Aboriginal people in Australia: the most imprisoned people on Earth
Aboriginal incarceration rates are much higher than the general Australian population. Moreover, Indigenous women represent 34% of the total number of inmates. As if this wasn’t enough, the legal and welfare systems are removing Indigenous children from their families and culture, serving as a mechanism of forced assimilation.
Dunghutti man David Dungay Jr died on December 29, 2015, aged 26 calling for breath in a cell in Sydney’s Long Bay prison as he was held face down by prison guards attempting to sedate him. The harrowing plea “I can’t breathe” recorded in the last moments of George Floyd’s life on 25 May 2020, as he struggled under the weight of a Florida police officer’s knee, remind all First Nations peoples in Australia of the tragic death of David Dungay, and the deaths of so many Aboriginal people while in custody.
In early June 2020, Black Lives Matter protests were held throughout Australia. These were organised in solidarity with protests around the globe condemning the death of Gorge Floyd at the hands of law enforcement officers in Florida, USA. At these rallies, we shouted the catch cry “Black Lives Matter” alongside “Always Was Always Will Be Aboriginal Land” combining our grief with our enduring pride as First Nations peoples.
For us, as First Nations peoples the appalling death of George Floyd in the USA has only served to further reinforce the reality of our ongoing colonial oppression and has been a spark to re-ignite our years-long battles calling for a substantial review by Governments of the continuing disproportionate levels of Indigenous deaths in custody, and the persistent over-representation of Indigenous peoples in the criminal justice system. As Butchulla Hip-Hopper Birdz raps in his 2017 song ‘Black Lives Matter’. “Now we say black lives matter but shit, the fact of the matter is, we just black matter to them, this shit keep happening”.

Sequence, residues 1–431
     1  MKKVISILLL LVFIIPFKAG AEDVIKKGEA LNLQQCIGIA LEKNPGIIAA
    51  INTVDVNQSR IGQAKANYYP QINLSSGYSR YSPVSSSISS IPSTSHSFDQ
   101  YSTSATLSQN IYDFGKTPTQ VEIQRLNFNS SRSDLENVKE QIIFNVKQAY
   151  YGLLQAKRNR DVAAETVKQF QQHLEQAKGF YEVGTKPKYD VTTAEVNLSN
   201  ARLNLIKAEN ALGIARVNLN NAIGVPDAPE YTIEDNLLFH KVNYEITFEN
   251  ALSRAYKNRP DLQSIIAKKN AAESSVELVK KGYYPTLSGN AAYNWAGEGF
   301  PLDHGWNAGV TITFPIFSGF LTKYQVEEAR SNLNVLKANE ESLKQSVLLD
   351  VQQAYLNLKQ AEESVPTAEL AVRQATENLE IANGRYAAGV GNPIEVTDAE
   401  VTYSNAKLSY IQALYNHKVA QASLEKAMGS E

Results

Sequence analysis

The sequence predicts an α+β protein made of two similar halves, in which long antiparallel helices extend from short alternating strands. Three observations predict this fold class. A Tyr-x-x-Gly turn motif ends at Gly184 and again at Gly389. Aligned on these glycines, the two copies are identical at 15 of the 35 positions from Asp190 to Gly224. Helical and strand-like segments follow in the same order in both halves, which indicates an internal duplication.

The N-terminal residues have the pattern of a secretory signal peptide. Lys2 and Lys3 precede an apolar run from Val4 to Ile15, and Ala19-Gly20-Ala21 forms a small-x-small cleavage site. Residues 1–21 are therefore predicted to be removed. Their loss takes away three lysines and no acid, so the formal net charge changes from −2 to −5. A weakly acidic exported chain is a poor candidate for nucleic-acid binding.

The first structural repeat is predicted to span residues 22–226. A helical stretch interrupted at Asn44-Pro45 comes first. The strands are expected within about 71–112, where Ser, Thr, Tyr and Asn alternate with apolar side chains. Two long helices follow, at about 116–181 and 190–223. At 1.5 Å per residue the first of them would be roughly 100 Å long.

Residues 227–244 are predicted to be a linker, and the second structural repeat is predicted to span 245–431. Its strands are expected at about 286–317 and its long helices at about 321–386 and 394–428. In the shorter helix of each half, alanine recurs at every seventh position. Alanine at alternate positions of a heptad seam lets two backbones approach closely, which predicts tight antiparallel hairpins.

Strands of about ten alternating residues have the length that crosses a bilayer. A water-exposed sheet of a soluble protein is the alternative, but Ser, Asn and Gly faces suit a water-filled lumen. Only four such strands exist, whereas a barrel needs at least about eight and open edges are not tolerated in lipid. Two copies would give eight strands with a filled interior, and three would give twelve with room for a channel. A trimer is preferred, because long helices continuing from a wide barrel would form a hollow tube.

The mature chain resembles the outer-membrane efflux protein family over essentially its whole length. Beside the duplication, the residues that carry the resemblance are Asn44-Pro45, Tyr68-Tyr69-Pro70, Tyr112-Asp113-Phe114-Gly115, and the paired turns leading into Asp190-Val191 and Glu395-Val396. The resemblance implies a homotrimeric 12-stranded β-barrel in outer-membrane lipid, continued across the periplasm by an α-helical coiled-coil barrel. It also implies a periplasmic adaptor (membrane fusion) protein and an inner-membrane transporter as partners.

Recommendations that were never followed
2021 is a noteworthy year in this battle for change for how Indigenous peoples are treated by the legal and welfare systems in Australia. It marks the 30-year anniversary of the release of the recommendations from the 1991 Royal Commission into Aboriginal Deaths in Custody (RCIADIC). Tabled on 15 April 1991, the Final Report signified a landmark moment in the relationships between Indigenous Peoples and the Australian State and Federal governments. Established by the Hawke Labor Government in 1987, the Commission examined 99 Indigenous deaths.
This Commission was set up as a direct result of concerted activism by First Nations organisations throughout the country, including Aboriginal legal services, in partnership with the families and supporters of those who had died in custody. The Commission reported that one of the most significant factors that brought Aboriginal people into contact with the criminal justice system is their social disadvantage and unequal position in wider Australian society. But the finding by the Commission that the deaths were due to police and prisons failing their duty of care, combined with the persistently high numbers of Indigenous people being arrested and incarcerated, came as no surprise to First Nations families fighting for justice for their loved ones. The Royal Commission’s recommendations called for major reforms to welfare, police and justice policies and practices that had historically supported the State’s surveillance of Indigenous lives.
Yet, despite its ground-breaking judgements, it has been widely reported by Indigenous activists, academics and the Australian media since, that remarkably few of the 339 recommendations have been implemented over the past 30 years. Indigenous incarceration rates remain disproportionately high compared to the general Australian population, and Indigenous deaths in custody continue. Indeed, the number of Aboriginal people taken into custody has actually increased markedly since the Final Report of the RCIADIC was handed down thirty years ago.